Colombian-American filmmaker Kevin Contento was born in Plantation, Florida in 1990. His debut feature film “The Conference of the Birds” premiered in Paris and won the Narrative Features Jury Award at the 2021 New Orleans Film Festival.
At this year’s Berlinale Shorts, Tara Karajica talks to Kevin Contento about his short film “From Fish to Moon,” the short form and what he is up to next.
What made you want to become a filmmaker?
Kevin Contento: Something was missing when I watched films. I had no clue what it was, but I could feel it. My mind had a penchant for spacing out in these sort of reveries: stories, visuals, and ideas would morph around each other and these were what I would call as my “baby-movie-ideas.” I worked at a movie theater early in life and there’s something strange about wandering carpeted hallways that connect to rooms with chairs and tall screens. It’s a place that can feed your soul, but I wasn’t yet in a place to take action yet. As time went by, I did take some baby steps and started picking up cameras here and there. Experimenting with the actual moving image and the art of editing. I think as filmmakers we spend a lot of time finding our voice or style. Editing is really one of those discoveries that took over my imagination and even today as a filmmaker I am always switching between that part of my brain that spent hours contemplating ideas in a sort of spaced-out gaze and the part that then sits down at his work place – instead of a canvas and paint, for me it’s keyboards and computers filled with audio and video clips that I can manipulate in a nonlinear editor. Going back to the question, I’m a filmmaker who is interested in exploring a symbolic language using the means I’m surrounded by. The folks and places in my films are my collaborators and without them I would be that overly imaginative person who has yet to actually make something.
How did From Fish to Moon come about? What was so cinematic about this particular grocery store?
K.C.: From Fish to Moon is both a culmination of years working within a small town with the same folks and then an opportunity that arose when Jean got a job at the Thriftway. The Thriftway is a wonderful combination of different spaces in one; like a gas station meets a grocery store meets a casino. It’s a funny juxtaposition of visuals and, in the end, film and storytelling are all about juxtaposition.
The film is about everyday routine, and the importance of small things, habits, pleasures in life, that are actually a big part of people’s lives. Can you comment on that?
K.C.: I think the answer is that from an early age I was naturally intrigued in the quotidian. In a car ride, I would look at the clouds; in a mall, I could watch strangers and observe contently. In Church, I spent hours listening and watching the back of people’s heads or the movements of their bodies and faces. Sure, I had a love for the grand, extraordinary and theatric, but as my opportunities as a filmmaker unfolded, it was always restricted to making something with my limited resources. I eventually found a cinema that nurtured this attention to the mundane. Other storytellers who harnessed this and explored our inner-worlds through what seemed like simple points of access. That audiences in Berlin can connect with From Fish to Moon is more evidence of the human condition, which we are all a part of. Attar’s poetry is from the twelfth-century and here I am moved by it for example.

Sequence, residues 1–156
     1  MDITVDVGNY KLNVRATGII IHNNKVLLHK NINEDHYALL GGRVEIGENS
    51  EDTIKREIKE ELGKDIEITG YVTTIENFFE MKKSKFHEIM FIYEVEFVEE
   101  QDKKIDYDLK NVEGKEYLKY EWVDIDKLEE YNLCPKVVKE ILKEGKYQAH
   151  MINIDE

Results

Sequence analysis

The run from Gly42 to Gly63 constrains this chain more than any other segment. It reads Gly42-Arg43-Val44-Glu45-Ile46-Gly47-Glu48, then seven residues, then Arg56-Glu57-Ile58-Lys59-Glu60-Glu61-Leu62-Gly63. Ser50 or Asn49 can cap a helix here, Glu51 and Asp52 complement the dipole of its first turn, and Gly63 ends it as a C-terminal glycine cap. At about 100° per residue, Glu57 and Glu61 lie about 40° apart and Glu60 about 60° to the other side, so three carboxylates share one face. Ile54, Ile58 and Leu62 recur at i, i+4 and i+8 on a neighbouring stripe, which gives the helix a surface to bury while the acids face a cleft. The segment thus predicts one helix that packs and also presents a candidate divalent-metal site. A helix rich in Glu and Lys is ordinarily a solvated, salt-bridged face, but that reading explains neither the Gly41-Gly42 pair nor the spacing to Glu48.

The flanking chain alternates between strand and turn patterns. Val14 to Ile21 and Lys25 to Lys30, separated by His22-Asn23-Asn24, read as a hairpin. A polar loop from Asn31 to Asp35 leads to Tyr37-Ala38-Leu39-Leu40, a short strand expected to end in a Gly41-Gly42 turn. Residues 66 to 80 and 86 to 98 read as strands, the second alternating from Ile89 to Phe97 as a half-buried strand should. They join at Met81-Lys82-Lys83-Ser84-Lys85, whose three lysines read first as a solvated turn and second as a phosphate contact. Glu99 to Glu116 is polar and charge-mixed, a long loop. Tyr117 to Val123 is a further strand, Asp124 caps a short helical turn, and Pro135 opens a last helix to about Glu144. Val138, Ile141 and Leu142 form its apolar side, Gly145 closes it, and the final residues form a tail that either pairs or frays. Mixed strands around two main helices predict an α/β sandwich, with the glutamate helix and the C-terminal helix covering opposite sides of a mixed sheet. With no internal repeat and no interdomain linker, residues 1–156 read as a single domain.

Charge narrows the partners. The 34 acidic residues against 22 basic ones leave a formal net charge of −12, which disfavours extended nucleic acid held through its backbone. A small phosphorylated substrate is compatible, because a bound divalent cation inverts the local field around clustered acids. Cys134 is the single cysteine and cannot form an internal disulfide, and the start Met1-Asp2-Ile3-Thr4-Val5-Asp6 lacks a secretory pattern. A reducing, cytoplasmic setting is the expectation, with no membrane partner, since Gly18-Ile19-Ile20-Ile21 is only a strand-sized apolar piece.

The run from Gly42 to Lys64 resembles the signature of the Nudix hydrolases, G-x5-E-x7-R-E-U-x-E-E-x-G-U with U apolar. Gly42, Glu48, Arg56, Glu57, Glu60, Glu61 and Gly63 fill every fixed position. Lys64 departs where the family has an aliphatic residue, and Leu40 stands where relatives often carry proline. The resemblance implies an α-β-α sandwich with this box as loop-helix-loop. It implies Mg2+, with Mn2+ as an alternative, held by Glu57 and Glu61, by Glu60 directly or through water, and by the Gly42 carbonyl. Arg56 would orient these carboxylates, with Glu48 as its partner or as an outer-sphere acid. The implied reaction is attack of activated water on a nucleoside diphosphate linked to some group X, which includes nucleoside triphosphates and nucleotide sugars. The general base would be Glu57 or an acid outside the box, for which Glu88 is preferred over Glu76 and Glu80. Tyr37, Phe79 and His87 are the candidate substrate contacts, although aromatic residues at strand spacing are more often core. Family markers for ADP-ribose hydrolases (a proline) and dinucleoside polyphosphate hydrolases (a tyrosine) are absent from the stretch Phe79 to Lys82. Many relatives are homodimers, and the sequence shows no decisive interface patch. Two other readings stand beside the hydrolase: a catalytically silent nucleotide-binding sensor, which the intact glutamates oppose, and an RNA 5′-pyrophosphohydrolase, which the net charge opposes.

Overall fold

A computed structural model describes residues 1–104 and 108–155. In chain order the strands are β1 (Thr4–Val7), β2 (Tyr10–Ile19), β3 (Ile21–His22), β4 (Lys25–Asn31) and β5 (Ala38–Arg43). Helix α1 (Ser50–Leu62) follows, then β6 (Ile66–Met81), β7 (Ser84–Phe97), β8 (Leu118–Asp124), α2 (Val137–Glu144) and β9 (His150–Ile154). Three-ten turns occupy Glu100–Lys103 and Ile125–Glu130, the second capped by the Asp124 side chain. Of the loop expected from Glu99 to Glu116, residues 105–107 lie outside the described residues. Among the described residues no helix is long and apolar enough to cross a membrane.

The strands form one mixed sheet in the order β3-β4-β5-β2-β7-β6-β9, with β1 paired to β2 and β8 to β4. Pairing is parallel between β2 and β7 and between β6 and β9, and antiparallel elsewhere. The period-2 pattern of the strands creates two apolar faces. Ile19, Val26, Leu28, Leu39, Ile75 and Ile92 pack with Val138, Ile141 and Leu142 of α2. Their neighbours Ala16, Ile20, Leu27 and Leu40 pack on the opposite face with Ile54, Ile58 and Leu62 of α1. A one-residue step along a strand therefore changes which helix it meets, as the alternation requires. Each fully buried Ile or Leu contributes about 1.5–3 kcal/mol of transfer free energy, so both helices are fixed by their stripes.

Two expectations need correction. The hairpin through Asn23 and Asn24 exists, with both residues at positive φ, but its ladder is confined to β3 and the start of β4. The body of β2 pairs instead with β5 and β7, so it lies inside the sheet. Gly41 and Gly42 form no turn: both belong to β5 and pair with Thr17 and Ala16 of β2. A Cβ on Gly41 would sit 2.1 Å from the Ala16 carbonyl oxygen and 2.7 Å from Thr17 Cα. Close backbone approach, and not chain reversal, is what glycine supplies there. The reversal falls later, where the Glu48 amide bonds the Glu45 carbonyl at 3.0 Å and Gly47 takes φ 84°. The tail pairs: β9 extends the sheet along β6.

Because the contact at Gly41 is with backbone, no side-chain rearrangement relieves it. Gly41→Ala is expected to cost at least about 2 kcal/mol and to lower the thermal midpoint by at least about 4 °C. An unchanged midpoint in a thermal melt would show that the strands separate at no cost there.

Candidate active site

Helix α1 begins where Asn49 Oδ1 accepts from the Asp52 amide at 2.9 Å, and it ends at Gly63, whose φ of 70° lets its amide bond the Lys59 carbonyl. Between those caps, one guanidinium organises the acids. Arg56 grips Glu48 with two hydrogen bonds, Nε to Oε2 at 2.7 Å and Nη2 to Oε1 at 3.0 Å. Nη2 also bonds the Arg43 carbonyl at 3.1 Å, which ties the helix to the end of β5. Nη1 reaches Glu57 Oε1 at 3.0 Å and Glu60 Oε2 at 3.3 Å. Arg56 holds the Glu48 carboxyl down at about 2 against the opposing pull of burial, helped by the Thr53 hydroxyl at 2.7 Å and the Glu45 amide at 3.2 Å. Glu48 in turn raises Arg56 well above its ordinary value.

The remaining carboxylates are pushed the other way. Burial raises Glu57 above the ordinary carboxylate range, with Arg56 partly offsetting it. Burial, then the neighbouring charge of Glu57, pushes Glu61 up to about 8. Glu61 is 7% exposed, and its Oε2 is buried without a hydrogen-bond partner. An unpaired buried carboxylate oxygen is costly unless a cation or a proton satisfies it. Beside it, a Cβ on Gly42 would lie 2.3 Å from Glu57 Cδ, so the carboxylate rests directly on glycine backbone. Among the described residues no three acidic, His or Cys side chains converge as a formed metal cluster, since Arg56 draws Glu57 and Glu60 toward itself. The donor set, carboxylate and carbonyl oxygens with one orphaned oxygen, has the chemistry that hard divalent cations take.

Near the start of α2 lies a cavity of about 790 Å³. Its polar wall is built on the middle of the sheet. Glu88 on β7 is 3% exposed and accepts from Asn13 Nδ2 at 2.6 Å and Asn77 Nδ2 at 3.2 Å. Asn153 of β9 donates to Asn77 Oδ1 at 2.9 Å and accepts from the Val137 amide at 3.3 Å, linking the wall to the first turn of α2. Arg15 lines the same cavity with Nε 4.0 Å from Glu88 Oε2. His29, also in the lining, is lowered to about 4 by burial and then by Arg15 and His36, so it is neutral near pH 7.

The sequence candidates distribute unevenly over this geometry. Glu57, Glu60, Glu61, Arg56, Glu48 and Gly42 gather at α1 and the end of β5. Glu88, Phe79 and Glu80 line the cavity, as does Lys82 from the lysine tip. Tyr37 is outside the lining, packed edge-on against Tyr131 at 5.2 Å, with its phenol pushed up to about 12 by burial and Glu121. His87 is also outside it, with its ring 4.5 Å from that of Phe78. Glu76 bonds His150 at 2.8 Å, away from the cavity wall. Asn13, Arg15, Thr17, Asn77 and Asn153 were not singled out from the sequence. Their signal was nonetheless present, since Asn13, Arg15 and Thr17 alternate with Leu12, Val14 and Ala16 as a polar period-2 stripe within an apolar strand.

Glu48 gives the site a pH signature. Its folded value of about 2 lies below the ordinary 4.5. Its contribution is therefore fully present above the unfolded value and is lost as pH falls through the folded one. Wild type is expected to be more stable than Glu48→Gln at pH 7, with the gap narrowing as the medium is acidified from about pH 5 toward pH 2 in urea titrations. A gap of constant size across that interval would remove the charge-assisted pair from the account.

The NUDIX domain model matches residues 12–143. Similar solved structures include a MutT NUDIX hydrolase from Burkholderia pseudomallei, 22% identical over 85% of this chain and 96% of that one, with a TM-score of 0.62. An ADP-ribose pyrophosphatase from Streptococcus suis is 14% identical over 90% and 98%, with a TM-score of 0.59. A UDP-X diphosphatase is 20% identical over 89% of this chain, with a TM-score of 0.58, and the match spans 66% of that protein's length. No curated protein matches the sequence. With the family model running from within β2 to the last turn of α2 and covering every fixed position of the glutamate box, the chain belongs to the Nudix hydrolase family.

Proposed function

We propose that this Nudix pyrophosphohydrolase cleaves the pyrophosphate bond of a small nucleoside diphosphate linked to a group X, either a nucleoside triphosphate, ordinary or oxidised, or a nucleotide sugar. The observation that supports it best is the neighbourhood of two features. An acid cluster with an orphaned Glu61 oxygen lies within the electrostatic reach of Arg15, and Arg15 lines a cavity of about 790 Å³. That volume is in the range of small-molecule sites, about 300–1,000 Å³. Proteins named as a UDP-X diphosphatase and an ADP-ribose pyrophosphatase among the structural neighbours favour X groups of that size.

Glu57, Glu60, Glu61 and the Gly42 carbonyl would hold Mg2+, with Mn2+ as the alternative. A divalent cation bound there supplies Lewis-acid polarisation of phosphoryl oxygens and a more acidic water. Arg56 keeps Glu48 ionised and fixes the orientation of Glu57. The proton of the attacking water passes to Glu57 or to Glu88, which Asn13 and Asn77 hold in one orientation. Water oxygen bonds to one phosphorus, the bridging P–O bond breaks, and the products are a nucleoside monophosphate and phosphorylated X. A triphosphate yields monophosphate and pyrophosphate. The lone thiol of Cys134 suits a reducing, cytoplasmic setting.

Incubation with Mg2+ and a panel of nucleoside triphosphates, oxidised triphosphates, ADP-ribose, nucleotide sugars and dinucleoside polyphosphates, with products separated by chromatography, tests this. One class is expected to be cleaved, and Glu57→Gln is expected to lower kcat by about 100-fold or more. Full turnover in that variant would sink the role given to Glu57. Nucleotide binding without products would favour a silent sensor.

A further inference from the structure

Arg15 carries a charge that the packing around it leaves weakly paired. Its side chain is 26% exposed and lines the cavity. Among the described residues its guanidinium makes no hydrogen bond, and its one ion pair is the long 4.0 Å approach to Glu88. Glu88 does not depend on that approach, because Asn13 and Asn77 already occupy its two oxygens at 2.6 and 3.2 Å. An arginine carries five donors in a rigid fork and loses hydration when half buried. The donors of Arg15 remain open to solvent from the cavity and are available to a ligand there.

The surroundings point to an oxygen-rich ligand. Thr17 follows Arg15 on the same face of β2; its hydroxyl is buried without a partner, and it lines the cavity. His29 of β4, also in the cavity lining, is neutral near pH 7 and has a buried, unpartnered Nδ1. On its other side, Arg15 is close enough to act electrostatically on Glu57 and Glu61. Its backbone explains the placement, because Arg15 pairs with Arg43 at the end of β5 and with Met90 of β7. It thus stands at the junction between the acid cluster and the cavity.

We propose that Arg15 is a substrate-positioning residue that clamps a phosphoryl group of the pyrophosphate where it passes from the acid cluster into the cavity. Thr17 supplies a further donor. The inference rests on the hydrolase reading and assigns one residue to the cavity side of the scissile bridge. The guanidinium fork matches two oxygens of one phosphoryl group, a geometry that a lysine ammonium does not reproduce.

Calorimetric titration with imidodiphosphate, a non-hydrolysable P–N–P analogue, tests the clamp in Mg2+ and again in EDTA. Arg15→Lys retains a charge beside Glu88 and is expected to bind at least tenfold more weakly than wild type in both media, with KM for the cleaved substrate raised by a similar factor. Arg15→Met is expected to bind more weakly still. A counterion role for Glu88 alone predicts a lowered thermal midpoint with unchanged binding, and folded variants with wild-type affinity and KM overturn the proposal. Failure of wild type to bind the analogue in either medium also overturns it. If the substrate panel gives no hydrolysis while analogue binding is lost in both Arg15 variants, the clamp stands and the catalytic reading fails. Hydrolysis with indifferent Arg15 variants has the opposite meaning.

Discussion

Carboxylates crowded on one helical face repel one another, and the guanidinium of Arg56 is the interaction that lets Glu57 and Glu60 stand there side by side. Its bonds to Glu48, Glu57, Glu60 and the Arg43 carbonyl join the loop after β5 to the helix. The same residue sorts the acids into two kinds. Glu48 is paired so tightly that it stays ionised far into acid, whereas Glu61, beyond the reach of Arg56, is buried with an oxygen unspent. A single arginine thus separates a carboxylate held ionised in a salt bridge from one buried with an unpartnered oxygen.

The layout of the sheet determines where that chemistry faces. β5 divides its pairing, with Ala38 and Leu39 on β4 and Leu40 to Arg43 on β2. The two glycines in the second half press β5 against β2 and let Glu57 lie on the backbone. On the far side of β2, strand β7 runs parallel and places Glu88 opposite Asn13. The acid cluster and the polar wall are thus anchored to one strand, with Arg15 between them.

Can you talk about capturing the essence of the place and its people? Do you think it is an homage to the store before its new owner?
K.C.: A big part of it I think has to do with making people comfortable. I can’t say that I was the key element in that, I believe it was Jean who made it possible for all the other folks in the film to open up. His relationship with Sue and Nestor allowed them to trust me and our intentions. By extension, his relationship with the town I think made it possible for me to do what I needed to capture the essence of the Thriftway. One of my roles was to make the technical choices in a way that didn’t ruin the hard work of making folks comfortable. I think the homage part is natural, but it wasn’t our outright goal.
“From fish to moon” is a common expression in medieval Persian verse, meaning “from the depths to the heights.” Can you elaborate on that? Can you talk about the title of the film?
K.C.: It means from the bottom to the top. There are a lot of iterations of this notion, but perhaps Attar’s was one of the first and, with that, it most likely meant going from furthest from God to closest to God. For me, personally, this is a driving force behind my work – all of it.
Can you talk about the shooting process?
K.C.: I can tell you that we shot in three sessions. Each one about an hour or just over an hour. I limited myself to static shots, one lens, and no panning or moving shots. There was no pre-planning or shot list or rehearsals of any kind. Essentially, that was the shooting process.
What do you think of the short form today? How is it in the US?
K.C.: The short form is alive and well in the US. I think in south Florida, it’s fairly young. Filmmakers have emerged, but its artwork is missing a guiding light to be honest, but that’s for each one to find on their own.
What are your next projects?
K.C.: I started something new with Jean in January. It will be my second feature and will deal with the transformative power of fatherhood as experienced by three different men in this rural Florida town. Once again, Attar’s poetry will play a prominent role in the structuring of the film and also lend a hand to key visual motifs seen throughout.
Photo credits: Courtesy of Kevin Contento.